Adventures with Makeblock mBot and Typescript

I have so far not been successfully in this "teach your kids programming" thing. My three sons are technical but have not yet demonstrated any inclination to code.

Thinking I could help them find the inner fire, so to speak, I bought a programmable "robot" from China a few years ago - the mBot by Makeblock. It then proceeded to sit on my shelve and collected dust.

The thing was, I couldn't get past the block-based programming environment in mBlock IDE. It felt unnatural and constrained - I've only ever programmed in a text editor / IDE, and these visual tools confuse me.

However, having had zero experience with Arduino, upon which the mBot is based, I could just effortlessly drop into the text editor and start hacking. And I suspect that even if I could, it would not be the most friction-less way of teaching my sons to code.

On the shelf the robot sat.

Come the Great Corona Lockdown of 2020, I was gifted an extra portion of free time. One day I noticed the blue robot staring at me from the bookshelf, motionless. Hey, buddy! Could we rekindle our friendship?

It turns out we could. As it happens, I can talk to my robot in Javascript. Or better yet, Typescript.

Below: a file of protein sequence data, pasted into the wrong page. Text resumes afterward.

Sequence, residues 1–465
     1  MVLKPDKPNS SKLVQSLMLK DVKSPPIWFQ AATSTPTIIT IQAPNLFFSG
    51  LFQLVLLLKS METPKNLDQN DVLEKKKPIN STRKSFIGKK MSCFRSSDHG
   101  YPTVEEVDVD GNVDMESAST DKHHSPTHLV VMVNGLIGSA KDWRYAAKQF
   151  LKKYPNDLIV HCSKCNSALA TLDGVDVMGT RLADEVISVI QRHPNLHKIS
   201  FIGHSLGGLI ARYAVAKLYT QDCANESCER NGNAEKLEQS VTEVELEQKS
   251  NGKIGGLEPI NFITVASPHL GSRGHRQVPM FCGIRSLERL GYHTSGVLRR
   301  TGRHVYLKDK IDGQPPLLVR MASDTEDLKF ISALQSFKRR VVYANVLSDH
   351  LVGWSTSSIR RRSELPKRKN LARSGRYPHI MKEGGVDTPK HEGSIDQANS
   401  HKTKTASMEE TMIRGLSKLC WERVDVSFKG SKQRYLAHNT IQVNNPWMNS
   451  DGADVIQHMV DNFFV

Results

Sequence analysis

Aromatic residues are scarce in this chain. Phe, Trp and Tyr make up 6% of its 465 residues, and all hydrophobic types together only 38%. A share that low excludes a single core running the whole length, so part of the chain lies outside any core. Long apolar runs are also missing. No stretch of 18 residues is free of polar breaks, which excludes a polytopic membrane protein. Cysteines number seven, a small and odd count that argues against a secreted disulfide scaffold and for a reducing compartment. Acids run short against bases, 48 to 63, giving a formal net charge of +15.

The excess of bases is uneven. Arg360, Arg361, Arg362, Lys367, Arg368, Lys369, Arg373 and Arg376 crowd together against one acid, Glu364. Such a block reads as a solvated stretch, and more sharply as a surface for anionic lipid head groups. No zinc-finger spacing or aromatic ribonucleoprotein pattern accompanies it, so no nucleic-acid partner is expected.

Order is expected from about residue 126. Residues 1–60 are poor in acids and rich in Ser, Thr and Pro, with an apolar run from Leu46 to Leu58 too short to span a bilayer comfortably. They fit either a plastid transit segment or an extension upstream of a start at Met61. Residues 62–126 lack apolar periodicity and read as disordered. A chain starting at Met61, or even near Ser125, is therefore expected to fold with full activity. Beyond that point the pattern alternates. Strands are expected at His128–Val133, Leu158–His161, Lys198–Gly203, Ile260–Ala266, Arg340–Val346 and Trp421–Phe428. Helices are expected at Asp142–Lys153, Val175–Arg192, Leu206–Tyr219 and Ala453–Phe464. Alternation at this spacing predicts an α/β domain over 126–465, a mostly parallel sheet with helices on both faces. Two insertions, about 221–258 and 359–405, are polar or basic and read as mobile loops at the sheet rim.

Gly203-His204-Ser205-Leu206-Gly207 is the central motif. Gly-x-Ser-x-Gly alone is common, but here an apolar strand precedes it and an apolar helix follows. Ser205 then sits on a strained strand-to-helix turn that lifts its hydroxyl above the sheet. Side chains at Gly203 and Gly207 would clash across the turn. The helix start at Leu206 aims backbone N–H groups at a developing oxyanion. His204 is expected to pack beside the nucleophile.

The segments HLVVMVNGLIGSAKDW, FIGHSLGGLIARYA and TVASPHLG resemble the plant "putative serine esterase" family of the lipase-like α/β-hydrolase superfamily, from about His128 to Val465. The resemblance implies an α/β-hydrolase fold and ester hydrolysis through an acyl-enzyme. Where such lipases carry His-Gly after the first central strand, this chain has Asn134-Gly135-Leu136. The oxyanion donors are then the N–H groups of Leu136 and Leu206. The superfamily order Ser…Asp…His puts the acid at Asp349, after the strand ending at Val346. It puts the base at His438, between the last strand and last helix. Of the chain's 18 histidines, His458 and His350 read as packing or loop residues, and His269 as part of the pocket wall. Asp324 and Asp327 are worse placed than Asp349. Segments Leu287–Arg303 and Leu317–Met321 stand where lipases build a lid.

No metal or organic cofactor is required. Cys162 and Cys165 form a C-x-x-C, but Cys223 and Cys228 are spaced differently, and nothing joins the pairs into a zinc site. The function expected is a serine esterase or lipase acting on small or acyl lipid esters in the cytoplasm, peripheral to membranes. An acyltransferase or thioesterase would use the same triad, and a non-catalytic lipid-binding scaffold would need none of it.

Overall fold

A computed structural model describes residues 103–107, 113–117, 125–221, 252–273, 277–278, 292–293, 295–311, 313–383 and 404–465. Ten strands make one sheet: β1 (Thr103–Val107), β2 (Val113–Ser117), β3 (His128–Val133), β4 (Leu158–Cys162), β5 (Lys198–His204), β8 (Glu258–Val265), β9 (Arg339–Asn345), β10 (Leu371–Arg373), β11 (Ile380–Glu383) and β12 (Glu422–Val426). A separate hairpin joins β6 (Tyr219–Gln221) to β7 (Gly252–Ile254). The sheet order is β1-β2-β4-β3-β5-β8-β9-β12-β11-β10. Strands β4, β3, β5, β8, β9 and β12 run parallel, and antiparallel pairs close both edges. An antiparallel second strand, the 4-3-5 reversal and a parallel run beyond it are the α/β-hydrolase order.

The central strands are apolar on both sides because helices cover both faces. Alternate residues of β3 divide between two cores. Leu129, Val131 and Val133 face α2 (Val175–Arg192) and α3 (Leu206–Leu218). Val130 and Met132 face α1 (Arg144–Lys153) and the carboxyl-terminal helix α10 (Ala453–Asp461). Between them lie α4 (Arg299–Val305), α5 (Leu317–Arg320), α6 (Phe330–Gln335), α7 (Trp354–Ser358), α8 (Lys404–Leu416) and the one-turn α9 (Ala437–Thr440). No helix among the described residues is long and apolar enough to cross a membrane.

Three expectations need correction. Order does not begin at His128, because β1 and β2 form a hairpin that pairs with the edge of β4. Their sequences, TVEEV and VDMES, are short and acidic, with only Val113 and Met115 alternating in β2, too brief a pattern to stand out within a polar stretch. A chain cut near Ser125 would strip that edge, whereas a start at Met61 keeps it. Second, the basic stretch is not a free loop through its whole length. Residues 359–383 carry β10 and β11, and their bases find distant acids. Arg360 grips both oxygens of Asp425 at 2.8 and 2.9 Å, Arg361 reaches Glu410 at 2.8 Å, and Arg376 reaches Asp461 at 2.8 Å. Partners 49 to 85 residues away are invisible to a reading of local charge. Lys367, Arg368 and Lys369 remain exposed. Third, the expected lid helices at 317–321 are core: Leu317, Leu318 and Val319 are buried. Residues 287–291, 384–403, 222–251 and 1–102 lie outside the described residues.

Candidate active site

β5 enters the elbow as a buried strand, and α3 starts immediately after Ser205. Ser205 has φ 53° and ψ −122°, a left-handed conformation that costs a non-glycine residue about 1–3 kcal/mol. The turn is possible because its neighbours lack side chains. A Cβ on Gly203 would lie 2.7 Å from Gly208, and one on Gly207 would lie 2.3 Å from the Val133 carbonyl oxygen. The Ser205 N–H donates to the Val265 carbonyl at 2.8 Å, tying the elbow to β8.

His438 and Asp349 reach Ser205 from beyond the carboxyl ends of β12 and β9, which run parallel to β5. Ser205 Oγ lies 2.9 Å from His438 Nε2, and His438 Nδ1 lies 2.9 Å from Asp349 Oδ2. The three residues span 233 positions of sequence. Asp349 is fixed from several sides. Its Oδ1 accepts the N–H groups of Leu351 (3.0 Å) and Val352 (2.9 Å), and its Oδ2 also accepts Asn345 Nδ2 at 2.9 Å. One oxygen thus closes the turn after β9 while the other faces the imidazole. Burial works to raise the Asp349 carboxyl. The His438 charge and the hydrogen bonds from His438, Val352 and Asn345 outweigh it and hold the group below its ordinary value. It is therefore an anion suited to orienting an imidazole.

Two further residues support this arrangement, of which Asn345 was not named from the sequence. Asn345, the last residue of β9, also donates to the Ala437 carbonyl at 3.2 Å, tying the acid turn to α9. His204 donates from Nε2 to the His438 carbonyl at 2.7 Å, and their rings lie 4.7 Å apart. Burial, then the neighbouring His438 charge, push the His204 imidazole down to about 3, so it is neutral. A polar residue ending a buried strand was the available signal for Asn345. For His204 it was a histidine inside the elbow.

What can the mBot do?

Simply put: it moves (two wheels with motors at each side with a single front wheel for support), it sings (or rather, squeaks), it blinks (two programmable LEDs), it can sense distance, follow a line, and when equipped with additional sensors, it gains additional powers.

Importantly, it has Bluetooth, and can wander about as instructed, wirelessly.

I think that's a pretty good basis for exploration and tinkering.

The mBot Javascript SDK

Suffice to say, I am late to the party. Perhaps too late?

There's a repo by Makeblock with Javascript SDK that was last updated in December 2016. Getting to run the simplest example on my robot was not trivial.

I had to downgrade Node to 8.9 to be able to compile the native bindings of some 3rd-party dependencies, which led to me install nvm for Windows as I don't intend to use this ancient version for my daily business.